Mix up financing to better protect Caribbean, say experts
PANAMA CITY, Panama, 3 January, 2020 - Menaced by increasingly violent hurricanes, Caribbean countries face an enormous bill to better protect themselves disasters and need to weave a web of financing options to help insulate against shocks, said speakers at a regional conference.
Boosting lackluster economic growth, ramping up insurance and disaster funds, and embracing the private sector would help bolster countries which needed to invest more in resilience, said speakers at the Comprehensive Disaster Management Conference (CDM11) in Sint Maarten.
"Budgeting for disaster should be a must for us all," said Silveria Jacobs, prime minister of Sint Maarten, which was ravaged by Hurricane Irma in 2017.
A common disaster fund and a joint insurance plan to protect the small businesses that drive local economies could help the region, she told the conference, organized by the Caribbean Disasters and Emergency Agency (CDEMA).
"Government cannot definitely not go it alone… Business resilience drives the economy which ensures that islands can bounce back even faster," said Jacobs, who urged more investment in resilient infrastructure.
With many countries heavily indebted, creating layers of risk financing was key if countries are to limit the economic impact of disasters, which could also include flooding, drought, tsunamis and seismic activity, said speakers.
Risk financing layers should include funds shaved from national budgets, paired with fast-paying parametric insurance and access to lines of credit, said Ming Zhang, World Bank regional practice manager for urban and disaster risk management.
While new insurance products could help protect livelihoods and the fishing industry in the event of disasters, there was more scope to expand insurance to include households and small businesses, said Zhang in an interview.
"You cannot set up a contingency fund to address a Category 5 hurricane," said Zhang, who estimates disasters cost the Caribbean 1 percent of its gross domestic product each year.
"You need a risk financing strategy… each country should look at different layers and different contingencies, insurance and other mechanisms."
While countries such as St. Lucia and Grenada were looking to set up disaster funds bolstered by lines of credit, there needs to be more focus on how money was being spent in the region to better prepare for disasters, he said.
More advanced recovery planning was needed to make sure emergency shelters and supplies were available, while strengthening homes and infrastructure could help reduce economic impact down the track, he said.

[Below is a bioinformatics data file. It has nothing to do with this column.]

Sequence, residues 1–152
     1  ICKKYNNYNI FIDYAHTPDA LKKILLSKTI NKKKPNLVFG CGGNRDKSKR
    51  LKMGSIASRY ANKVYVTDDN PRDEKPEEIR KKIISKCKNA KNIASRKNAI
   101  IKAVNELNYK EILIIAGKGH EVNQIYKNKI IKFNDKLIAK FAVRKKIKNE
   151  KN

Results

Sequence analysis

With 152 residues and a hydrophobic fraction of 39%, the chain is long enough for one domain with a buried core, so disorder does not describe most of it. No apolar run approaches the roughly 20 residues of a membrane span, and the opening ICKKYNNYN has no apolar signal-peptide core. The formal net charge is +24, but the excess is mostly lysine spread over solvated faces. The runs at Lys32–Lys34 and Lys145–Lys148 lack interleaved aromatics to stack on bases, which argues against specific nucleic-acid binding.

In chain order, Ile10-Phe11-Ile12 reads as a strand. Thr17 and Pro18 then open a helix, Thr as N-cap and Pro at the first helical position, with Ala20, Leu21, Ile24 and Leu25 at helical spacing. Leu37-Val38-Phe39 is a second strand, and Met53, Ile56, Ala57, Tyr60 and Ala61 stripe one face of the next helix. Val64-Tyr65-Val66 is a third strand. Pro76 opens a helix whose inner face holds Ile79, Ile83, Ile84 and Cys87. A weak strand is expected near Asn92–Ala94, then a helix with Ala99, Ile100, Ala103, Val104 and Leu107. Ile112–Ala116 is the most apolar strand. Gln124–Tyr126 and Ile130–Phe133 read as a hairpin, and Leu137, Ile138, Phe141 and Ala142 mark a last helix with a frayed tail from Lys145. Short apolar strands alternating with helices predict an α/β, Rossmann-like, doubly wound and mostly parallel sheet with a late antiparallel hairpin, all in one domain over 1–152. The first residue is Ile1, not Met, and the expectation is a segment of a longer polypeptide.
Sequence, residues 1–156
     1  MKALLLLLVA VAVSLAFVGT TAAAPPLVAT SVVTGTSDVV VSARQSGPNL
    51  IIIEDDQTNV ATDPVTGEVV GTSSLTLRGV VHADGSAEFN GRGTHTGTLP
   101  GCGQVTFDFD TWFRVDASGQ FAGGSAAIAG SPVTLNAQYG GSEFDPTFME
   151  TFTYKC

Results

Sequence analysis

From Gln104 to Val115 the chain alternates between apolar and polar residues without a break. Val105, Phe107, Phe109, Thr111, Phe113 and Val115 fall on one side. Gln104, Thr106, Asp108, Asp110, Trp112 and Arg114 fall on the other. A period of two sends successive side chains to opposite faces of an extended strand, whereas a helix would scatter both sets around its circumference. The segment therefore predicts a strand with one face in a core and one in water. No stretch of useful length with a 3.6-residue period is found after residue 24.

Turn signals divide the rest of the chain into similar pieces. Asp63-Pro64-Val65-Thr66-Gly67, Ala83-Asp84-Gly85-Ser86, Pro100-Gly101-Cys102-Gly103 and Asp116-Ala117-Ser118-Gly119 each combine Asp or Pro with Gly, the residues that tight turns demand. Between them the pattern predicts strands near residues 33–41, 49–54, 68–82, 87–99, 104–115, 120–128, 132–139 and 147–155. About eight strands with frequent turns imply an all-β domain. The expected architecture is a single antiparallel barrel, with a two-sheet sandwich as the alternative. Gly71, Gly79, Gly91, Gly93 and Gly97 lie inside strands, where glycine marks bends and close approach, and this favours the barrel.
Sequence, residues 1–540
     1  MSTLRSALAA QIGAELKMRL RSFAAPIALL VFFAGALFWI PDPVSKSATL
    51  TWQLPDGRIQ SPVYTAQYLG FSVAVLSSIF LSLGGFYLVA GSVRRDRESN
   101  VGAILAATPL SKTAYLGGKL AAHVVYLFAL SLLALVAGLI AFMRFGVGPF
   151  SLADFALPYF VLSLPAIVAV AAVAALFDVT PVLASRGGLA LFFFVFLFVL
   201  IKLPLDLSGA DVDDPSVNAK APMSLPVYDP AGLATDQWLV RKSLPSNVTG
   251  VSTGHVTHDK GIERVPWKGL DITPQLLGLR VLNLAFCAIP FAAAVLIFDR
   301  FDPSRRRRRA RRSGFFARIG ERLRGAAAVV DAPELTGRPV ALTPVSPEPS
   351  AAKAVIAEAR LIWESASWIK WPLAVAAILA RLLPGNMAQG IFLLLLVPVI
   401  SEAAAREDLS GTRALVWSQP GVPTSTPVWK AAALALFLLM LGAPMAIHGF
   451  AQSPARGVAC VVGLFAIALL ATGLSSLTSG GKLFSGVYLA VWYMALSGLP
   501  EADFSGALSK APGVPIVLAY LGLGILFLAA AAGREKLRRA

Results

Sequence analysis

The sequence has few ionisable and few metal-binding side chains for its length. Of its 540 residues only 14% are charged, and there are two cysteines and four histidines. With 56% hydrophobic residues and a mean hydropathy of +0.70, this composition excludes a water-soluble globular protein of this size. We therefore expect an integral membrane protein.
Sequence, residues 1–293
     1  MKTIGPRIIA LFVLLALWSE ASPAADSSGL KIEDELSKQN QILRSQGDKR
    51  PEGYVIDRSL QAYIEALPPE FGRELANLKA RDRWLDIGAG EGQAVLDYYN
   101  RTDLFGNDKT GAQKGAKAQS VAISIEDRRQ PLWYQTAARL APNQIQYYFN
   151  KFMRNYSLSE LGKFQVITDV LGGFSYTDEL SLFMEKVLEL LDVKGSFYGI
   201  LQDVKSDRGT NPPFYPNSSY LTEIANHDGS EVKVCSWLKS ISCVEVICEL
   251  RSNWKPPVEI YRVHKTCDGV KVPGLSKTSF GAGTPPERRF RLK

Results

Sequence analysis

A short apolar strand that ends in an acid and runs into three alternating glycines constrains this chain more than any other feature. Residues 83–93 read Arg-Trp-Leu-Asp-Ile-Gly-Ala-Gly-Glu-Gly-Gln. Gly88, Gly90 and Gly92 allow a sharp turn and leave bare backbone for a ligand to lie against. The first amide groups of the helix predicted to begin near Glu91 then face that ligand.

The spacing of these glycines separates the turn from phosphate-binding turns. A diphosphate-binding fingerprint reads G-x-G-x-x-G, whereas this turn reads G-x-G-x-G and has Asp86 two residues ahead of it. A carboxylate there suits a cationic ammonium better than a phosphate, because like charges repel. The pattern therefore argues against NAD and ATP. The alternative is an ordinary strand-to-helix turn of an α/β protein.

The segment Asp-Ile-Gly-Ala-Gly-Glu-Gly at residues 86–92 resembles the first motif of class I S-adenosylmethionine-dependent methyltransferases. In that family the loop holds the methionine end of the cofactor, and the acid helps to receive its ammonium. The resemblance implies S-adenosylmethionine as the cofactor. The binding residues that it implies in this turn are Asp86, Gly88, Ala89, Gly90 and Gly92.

"In the midst of borrowing for public investment, governments need to ensure that these funds are certainly being spent to ensure resilience," said Ronald Jackson, CDEMA executive director, said in an interview. "That's one area that will drive down exposure and be a lower cost to government when these events occur."
NO SILVER BULLET
Emergency cash payments to small businesses, farmers and the most vulnerable after hurricanes in Barbados and Dominica helped stimulate the local economies and get people back on their feet, said speakers.
But countries needed to ensure adequate systems were in place to disperse social protection payments to make sure they reach the right people as quickly as possible, they added.
"No single financial instrument is the solution, we have to adopt a risk layering approach," Nicholas Grainger, programme associate at the World Food Programme, told the conference.
Given the private sector shells out for up to 85 percent of all investment and absorbs the lion's share of disaster losses, businesses should be closer involved in trying to driving down risk and promoting economic resilience, said speakers.
"It's very clear that reducing disaster risk cannot be done by one actor or sector alone," Nahuel Arenas, Deputy Chief of the United Nations Office for Disaster Risk Reduction (UNDRR), Regional Office for the Americas and the Caribbean, told the conference.
"Resilient investment is about integrating risk through business practices and investment decisions."
The UNDRR-backed business network, known as The Private Sector Alliance for Disaster Resilient Societies or ARISE, is growing quickly in the Caribbean where companies are increasingly aware that disaster risk reduction (DRR) makes sound business sense, said speakers.
Jeffrey Beckles, chief executive of the Bahamas Chamber of Commerce, said the private sector wanted a greater role in DRR given it was a major employer and driver of growth.
It also has a lot to lose. Businesses suffered some 90 percent of the massive losses in the Bahamas caused by Hurricane Dorian in September, he added.
"We bring to the table the ability to look further down the road than any single administration," Beckles told the conference.
"We bring to the table a much deeper, wider capacity for casting a longer-term strategy for resiliency and prospects for our country's stability,"
Developing the digital and blue economies, while finding ways to expand the benefits of industries such as tourism could help bolster the region's economy and ultimately make households more resilient, said speakers.
"Resilient people build resilient lives, and resilient communities and economies," said Sint Maarten's Jacobs.